What are the best countries in the world for food? You might think of Thai, Mexican or French food. But Finnish cuisine?
The Nordic country’s bleak reputation in the kitchen doesn’t take into account the Finns’ passion for food while remaining true to their culinary roots. Weekly markets are full of seasonal products and local delicacies.
Simon Bajada, a photographer and food writer living in Stockholm, has a favourite: Karelian pies, traditional rye flour pasties from the eastern Finnish province of Karelia.
Filled with rice, potatoes or carrots, they are spread with a mixture of hard-boiled, crushed eggs, salted butter and dill while still warm. Rye is also popular in making traditional Finnish bread.
“Rye bread is part of our culture, just like the baguette is in France,” says Finnish cook Mira Thate.
“Although you can buy anything in Finland nowadays, we like things fresh and down-to-earth,” Thate continues.
Finnish cuisine is influenced by traditional country fare, which, in contrast to Sweden or Norway, originated from a peasant society.
Common ingredients include potatoes, mushrooms, root vegetables, berries, fish and meat. “The basic idea behind all Nordic cuisine is to exploit nature’s bounty, from forests, fields and water,” says Margareta Schildt-Landgren, who has written a book on Nordic cuisine.
Experienced chefs such as Markus Maulavirta, who was the first Finnish chef to be awarded a Michelin star, can conjure up a real gourmet menu from what nature has to offer.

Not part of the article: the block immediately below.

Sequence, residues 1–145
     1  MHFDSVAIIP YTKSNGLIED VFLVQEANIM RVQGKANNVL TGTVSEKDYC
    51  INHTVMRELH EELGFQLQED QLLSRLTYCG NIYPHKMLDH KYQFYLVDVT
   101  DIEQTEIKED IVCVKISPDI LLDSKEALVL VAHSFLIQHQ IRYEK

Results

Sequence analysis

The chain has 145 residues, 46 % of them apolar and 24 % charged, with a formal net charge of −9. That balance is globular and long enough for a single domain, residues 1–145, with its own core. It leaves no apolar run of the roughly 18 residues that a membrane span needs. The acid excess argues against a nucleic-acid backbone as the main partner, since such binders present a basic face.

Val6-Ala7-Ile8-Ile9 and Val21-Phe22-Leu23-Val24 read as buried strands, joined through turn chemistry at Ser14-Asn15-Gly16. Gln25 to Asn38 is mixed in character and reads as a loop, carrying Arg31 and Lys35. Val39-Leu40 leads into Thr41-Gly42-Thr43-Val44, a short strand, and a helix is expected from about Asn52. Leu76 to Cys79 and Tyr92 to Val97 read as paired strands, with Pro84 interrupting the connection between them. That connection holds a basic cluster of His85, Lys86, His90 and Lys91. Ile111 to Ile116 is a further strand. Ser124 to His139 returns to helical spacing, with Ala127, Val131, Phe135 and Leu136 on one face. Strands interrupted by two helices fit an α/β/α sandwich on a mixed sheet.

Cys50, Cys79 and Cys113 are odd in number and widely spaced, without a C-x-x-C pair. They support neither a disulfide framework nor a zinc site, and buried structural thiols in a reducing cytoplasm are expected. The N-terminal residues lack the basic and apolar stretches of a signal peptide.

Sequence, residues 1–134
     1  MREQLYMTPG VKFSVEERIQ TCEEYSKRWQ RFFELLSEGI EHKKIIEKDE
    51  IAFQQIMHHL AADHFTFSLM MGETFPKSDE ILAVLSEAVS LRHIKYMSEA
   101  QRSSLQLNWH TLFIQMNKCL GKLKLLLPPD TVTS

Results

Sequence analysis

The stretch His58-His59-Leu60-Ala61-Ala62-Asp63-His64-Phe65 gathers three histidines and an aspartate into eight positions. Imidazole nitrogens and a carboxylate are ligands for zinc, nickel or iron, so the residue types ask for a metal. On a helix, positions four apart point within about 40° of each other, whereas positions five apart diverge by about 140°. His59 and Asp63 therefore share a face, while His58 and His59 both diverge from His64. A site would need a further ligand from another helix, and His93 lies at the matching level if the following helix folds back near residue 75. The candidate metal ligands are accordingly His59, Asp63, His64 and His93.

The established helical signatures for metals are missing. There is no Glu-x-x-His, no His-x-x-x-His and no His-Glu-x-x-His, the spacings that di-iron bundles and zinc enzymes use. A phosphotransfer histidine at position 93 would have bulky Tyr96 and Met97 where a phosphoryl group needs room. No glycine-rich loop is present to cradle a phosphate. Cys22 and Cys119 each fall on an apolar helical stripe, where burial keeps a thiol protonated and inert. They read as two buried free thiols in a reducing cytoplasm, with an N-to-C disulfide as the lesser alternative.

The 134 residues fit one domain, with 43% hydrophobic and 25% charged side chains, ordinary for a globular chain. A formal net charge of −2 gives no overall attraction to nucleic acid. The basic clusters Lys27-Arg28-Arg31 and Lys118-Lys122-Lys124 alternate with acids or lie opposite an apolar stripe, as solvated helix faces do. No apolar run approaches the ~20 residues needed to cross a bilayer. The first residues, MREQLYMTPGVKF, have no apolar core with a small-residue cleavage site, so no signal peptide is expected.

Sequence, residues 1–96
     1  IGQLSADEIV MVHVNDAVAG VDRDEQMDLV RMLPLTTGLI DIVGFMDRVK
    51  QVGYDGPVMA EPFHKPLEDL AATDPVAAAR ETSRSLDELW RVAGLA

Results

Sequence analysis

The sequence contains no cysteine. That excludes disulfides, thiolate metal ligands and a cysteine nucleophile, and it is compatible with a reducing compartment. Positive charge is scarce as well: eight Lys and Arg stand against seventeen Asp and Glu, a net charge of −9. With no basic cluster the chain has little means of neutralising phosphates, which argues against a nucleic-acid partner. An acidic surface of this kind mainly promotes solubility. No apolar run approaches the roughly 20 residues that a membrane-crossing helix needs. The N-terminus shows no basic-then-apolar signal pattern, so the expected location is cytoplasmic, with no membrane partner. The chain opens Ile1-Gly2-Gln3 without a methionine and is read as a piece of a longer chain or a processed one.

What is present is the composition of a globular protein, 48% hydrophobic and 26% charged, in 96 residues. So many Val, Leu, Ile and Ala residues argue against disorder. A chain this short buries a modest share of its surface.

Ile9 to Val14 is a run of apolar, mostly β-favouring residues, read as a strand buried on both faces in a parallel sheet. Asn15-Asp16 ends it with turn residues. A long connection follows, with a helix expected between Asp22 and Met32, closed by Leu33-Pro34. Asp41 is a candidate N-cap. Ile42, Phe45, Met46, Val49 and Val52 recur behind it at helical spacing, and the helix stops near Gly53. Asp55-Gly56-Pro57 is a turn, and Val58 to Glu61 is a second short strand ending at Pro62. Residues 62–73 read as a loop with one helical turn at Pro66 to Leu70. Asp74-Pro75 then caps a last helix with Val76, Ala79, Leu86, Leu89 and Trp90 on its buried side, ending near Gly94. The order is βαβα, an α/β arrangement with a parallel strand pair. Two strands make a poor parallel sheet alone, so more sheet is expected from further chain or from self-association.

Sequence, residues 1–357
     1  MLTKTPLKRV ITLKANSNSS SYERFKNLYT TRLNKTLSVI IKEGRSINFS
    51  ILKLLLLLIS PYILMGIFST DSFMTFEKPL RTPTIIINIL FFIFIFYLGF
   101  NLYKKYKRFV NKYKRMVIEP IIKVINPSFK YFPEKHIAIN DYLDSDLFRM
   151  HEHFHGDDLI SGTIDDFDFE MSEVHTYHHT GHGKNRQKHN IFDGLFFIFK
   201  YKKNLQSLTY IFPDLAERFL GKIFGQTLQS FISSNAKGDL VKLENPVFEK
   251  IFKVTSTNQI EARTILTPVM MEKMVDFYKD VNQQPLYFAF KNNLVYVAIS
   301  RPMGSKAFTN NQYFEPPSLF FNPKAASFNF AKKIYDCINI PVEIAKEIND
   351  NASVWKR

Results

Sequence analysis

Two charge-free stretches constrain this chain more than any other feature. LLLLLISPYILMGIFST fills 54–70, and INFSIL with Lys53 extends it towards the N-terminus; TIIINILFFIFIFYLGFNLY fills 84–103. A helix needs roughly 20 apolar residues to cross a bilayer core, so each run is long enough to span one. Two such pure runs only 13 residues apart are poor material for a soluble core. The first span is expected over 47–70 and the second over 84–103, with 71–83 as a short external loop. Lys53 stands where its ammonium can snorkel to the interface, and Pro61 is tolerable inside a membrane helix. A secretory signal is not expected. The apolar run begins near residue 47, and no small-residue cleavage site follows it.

To let the natural flavour of the food develop, seasoning is kept to a minimum. Salt, pepper, sugar and a few garden herbs such as dill and chives are all you need, explains Thate.
Traditionally not big on sauces, Finnish dishes are often only prepared with melted butter or stock. Even reindeer meat is traditionally served with just mashed potato, cranberry sauce and butter.
Traditionally Finnish food is prepared with cast-iron pots and pans.
“In contrast to nonstick pans, cast iron ensures that the food is cooked or fired evenly and slowly,” explains Simon Bajada. In addition, whatever you cook in a cast-iron pan is naturally enriched with iron, be it mushrooms, pancakes or hot-smoked salmon.
Potatoes grow almost everywhere among Finland’s wild terrain and are a staple food. An example of a popular dish is new potatoes with herring or fresh fish and wild mushrooms.
Known as the Land of a Thousand Lakes, fish is another popular item on the menu, including salmon, trout and herring.
Over 20 edible berry species grow wild in Finnish forests, including the famous cloudberry. The yellow, raspberry-like fruit has a unique, slightly bitter taste. Schildt-Landgren likes to emphasise this with chilli and ginger and often makes a chutney with honey and cider vinegar. This is best served with smoked reindeer or other wild game.
Still got room for something sweet? Finns love a warm cinnamon roll, ideally with a cup of coffee.
When it comes to alcohol, Finnish cuisine has a wide range of homemade spirits such as rosehip or cranberry-juniper liquor – cheers! – dpa/Anna Karolina Stock